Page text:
In his experience, Dr. Rouw has found that hockey skates have more room and can often accommodate reasonably normal orthotics with excellent support for the medial arch and limiting of excess pronation. 

He points out there are two different “techniques” with Nordic or cross-country skiing that podiatrists need to take into account when writing orthotic prescriptions.

“The classic style (in the tracks) technique offers little supinatory contact phase nor pronatory propulsion. There needs to be full flexibility at the forefoot/metatarsophalangeal joints. These athletes seem to do best with a more flexible longitudinal arch and minimal rearfoot post,” points out Dr. Rouw. “Freestyle or skate ski technique puts the skier in a pronatory position most of the time. The boots are not as rigid as hockey boots or figure skating boots. Therefore, you need to rely on the control you can achieve with the orthotics device in the limited space available. I generally use a low profile rearfoot post as well as a deeper heel cup and higher medial flange.”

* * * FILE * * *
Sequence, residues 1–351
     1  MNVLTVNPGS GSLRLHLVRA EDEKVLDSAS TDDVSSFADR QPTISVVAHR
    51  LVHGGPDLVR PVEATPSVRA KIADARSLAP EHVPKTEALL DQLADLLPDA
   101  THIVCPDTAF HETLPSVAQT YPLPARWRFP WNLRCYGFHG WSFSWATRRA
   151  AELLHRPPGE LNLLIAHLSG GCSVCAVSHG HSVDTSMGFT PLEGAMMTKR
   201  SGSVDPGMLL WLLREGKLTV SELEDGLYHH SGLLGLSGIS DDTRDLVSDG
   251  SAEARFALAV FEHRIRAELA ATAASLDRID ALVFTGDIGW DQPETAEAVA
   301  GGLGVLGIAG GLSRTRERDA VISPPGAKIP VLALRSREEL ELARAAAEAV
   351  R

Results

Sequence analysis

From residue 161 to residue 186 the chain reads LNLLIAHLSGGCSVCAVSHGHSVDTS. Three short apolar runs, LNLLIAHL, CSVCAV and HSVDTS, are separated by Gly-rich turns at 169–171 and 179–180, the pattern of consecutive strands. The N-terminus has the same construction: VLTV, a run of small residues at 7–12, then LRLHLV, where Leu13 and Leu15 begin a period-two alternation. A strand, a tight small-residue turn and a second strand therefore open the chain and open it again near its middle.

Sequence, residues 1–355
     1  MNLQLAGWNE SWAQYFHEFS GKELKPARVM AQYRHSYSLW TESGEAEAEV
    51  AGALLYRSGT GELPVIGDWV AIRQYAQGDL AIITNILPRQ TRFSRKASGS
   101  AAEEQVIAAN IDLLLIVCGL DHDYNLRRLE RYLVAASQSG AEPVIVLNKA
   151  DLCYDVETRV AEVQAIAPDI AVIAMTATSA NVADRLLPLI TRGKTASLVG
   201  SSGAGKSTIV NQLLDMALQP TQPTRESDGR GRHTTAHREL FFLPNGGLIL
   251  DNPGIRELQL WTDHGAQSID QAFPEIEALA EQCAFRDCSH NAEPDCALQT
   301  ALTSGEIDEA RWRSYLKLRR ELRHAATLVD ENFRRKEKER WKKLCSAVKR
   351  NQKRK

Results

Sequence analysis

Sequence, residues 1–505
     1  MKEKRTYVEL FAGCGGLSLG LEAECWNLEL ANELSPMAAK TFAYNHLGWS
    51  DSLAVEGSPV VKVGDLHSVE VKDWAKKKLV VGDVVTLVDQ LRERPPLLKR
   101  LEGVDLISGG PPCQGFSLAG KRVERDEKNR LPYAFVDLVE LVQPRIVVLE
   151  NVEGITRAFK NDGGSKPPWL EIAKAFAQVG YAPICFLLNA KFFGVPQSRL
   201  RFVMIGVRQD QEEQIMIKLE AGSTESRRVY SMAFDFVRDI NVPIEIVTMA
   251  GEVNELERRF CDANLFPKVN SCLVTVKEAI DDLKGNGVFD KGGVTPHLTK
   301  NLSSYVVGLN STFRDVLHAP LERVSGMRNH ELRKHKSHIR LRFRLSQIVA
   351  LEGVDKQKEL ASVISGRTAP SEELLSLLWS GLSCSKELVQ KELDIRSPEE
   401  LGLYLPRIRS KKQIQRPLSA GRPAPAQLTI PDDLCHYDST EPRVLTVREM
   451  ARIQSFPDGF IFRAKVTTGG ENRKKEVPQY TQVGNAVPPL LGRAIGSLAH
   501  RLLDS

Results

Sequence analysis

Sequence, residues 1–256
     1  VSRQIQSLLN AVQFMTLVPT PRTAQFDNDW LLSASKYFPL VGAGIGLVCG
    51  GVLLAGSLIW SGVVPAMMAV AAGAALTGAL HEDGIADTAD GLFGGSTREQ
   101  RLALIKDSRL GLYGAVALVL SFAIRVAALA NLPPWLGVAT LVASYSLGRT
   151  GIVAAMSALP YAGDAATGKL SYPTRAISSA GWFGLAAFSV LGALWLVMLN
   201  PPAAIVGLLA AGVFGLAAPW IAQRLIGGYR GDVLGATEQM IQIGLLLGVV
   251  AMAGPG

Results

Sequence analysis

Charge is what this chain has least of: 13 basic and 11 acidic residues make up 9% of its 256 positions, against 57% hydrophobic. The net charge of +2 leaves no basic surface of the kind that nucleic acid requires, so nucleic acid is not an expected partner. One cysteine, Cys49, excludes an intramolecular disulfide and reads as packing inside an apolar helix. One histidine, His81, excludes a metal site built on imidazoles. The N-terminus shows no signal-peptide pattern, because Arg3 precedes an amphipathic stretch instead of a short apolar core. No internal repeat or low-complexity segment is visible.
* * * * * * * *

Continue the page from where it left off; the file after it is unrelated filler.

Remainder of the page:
Dr. Rouw relates that with all three sports (figure skating, hockey and skiing) he always makes a full-length device that allows removal of the original insole, which improves the fit and positioning of the orthotic in the boots. He always asks the athletes to bring their sport boots with them during the clinical evaluation. Dr. Haley also says that he tries to utilize materials in his orthotics that replace the insulation from the cold ground that the athlete loses when removing the original insole. However, he reinforces that one must continue to keep space constrains in mind with the shoe gear and likely thicker socks.